Hanayu's parents own a patisserie, but her true dream is to become a sushi chef. Meanwhile, Hayato's parents own a prestigious sushi restaurant, but he wants nothing more than to create delectable sweets. Will these star-crossed (and hot-tempered) chefs find the right recipe for success in their careers and with each other?
Mixed Vegetables is a story that has NOTHING to do with "Vegetables". However it is about cooking but it really more of a love story and some personal story about achieving dreams.
The story concern's two main characters namely Hanayu (the girl) and Hayato (the boy). One wants to be Sushi Chef and the other a Patisserie (cake chef). However they are parent’s restaurant are the exact opposite to their interests. Therefore each one wants to marry the other so that they can achieve their individual dreams.
This is a very simple Shoujo Manga. It is definitely funny and the story is VERY cliché. There really
is nothing unique about it. Having said that, thing are usually cliché because they are popular and tend to evoke a sense of satisfaction in the reader/viewer etc. The story has some good comedic values and should be read as such. There is no great over arching plot other than the focus on their dreams. In the end it is a High school love story.
The art while very beautiful is nothing special. None of the characters are drawn particularly interesting. They are all cute/good looking characters and in that sense there is no contrast. Also since most of the stories setting is indoor’s there is not much in the way of amazing backgrounds. None of the characters are overly cute but they are appropriately pleasant and generally give the feeling of a comfortable environment. The art DOES however suit the story telling.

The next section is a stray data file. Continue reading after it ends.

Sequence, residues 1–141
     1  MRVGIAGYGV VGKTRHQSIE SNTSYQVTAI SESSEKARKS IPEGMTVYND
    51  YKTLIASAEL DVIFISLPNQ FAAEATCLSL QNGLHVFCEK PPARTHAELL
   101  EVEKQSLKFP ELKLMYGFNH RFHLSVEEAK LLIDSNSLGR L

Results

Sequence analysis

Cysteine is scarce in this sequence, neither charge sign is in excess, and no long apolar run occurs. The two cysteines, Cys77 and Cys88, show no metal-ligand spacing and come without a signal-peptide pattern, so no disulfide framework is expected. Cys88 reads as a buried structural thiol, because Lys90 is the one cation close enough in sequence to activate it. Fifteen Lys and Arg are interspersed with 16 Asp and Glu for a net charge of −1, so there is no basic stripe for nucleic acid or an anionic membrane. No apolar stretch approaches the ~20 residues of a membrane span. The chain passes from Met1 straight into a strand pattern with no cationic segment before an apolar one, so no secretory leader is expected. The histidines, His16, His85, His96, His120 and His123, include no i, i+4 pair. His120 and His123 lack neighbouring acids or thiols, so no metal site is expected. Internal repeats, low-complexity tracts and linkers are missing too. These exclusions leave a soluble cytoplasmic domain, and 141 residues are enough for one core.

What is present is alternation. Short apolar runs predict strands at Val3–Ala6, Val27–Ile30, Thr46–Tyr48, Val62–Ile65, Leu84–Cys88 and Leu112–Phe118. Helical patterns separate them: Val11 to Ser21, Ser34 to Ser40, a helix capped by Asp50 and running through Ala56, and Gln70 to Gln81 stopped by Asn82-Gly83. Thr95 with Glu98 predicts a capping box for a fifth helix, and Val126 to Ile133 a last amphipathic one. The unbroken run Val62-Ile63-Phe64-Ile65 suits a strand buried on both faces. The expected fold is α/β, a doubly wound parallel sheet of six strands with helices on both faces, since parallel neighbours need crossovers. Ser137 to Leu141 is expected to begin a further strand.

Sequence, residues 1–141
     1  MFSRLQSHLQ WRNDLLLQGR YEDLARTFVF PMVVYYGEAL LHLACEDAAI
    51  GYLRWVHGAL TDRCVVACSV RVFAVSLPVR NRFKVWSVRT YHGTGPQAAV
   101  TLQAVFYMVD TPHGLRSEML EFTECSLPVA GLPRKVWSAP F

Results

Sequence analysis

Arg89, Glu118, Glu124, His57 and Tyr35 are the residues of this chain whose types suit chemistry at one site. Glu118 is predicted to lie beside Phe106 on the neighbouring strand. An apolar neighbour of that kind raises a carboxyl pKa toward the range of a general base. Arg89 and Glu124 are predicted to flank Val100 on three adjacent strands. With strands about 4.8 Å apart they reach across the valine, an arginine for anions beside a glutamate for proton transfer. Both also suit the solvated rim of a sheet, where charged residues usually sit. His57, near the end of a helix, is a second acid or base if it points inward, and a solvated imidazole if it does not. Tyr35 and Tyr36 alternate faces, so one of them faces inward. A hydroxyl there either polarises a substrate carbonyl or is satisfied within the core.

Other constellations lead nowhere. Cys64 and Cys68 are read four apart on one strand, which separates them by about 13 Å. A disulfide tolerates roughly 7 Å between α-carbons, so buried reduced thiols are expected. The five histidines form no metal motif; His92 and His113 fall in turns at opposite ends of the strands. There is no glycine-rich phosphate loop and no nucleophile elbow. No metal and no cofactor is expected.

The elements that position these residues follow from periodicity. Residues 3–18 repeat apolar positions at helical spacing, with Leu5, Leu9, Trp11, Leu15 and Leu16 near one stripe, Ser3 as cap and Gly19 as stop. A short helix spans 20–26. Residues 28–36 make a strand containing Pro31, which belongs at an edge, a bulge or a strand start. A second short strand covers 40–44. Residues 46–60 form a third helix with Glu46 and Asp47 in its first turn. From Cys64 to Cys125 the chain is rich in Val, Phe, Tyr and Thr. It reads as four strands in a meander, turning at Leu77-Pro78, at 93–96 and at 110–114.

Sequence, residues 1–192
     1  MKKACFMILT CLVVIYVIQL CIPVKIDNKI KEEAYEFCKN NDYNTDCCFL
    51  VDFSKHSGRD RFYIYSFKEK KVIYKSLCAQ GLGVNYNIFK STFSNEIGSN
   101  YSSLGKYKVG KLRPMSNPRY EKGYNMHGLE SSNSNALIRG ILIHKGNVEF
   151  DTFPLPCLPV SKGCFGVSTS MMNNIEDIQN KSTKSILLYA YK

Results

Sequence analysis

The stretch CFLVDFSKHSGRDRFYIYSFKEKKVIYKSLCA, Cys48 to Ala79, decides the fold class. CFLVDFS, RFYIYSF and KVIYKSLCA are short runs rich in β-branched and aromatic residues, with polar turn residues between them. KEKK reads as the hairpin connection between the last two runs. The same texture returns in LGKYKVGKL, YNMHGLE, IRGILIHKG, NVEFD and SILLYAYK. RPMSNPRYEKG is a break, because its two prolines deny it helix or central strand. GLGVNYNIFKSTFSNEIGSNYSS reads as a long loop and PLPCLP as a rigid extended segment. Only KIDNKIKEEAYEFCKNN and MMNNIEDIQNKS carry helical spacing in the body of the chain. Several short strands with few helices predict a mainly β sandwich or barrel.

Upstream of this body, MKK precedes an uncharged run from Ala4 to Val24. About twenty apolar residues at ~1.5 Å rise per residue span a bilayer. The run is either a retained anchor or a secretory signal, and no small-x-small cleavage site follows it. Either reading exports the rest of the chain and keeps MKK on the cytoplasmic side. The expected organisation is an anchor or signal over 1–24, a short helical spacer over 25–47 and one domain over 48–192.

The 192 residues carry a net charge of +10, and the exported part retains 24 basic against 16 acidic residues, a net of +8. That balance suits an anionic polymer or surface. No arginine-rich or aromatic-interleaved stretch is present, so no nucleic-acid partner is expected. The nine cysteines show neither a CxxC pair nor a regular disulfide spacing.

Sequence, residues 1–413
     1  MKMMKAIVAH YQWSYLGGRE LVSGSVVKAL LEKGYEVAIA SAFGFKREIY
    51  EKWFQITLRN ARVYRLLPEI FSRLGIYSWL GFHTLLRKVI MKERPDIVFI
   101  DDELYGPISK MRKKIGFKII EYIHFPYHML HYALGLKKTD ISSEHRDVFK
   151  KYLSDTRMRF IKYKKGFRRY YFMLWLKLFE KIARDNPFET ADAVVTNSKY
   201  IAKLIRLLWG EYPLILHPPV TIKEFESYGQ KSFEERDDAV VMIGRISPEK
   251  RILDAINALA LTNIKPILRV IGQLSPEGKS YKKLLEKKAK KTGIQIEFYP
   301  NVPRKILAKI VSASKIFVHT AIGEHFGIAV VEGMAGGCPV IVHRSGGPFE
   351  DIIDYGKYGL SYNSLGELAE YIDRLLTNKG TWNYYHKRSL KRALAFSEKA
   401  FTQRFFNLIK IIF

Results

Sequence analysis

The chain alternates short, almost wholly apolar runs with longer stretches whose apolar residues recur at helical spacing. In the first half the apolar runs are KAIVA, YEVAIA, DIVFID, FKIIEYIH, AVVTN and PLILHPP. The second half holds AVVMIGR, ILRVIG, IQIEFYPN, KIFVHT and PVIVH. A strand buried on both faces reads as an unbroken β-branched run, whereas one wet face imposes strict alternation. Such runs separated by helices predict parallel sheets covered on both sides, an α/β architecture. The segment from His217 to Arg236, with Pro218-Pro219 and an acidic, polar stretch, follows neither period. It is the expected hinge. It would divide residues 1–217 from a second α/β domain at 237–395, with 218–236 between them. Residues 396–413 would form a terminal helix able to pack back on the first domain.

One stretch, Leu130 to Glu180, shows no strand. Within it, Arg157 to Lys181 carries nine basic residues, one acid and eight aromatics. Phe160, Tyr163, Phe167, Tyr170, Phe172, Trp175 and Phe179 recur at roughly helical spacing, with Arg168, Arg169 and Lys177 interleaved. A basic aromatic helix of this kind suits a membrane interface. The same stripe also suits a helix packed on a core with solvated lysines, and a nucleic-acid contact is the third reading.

Overall, it is a decent manga and one that I would recommend a read if you are bored and want something pleasant and funny. Just don’t expect anything deep.
Okay, so I like food. A lot. I'm not even going to pretend I didn't pick this manga up because I really like sushi and I really like cake. But that's definitely not the only reason why I enjoyed this manga.
The main aspect of the story that made Mixed Vegetables stand out from your typical shoujo fare was its messages about working towards your dreams and fulfilling your goals, while also balancing family life and romance. I started reading this towards the end of my senior year when I was deciding between colleges, and even though the main characters' career paths are vastly different from
mine, I could sort of understand their frustrations and confusions during that period in their lives. Although it read like a typical shoujo manga in some ways, Mixed Vegetables did a great job of incorporating the idea of choosing a career and following one's dreams vs. doing what your family wants. It also stayed away from too much of the usual romantic drama between the main couple, by keeping the story to relatively few characters and focusing on them achieving their goals rather than creating various misunderstandings.
The characters were definitely the most interesting part of Mixed Vegetables. The lead female, Hanayu, acts nothing like a stereotypical damsel-in-distress seen in many shoujo stories. She's physically as well as mentally strong, and has her eyes set on becoming a sushi chef even if it means sacrificing other things in her life. Hanayu was just so focused and driven, even while juggling family conflicts, relationship issues, and her own lack of experience and skill. Although she made stupid decisions sometimes, it was still easy to relate to her throughout the course of the manga. Hayato, on the other hand, was more of a typical bishounen towards the beginning of the manga. But gradually, we see different sides of him that really go against the norm. He's selfish and headstrong, but like Hanayu, he's focused on his goals and is willing to make sacrifices for them. Hayato is also a bit angsty towards the end, but overall he was a likable character and had great chemistry with the lead female. I also liked the involvement of adult characters in Mixed Vegetables, since so often in manga you just have teenagers running around with no parents to be seen anywhere. The amount of parental involvement in this manga was quite realistic, and fit the context of the story nicely. Plus, the parents were all really likable so that was nice too.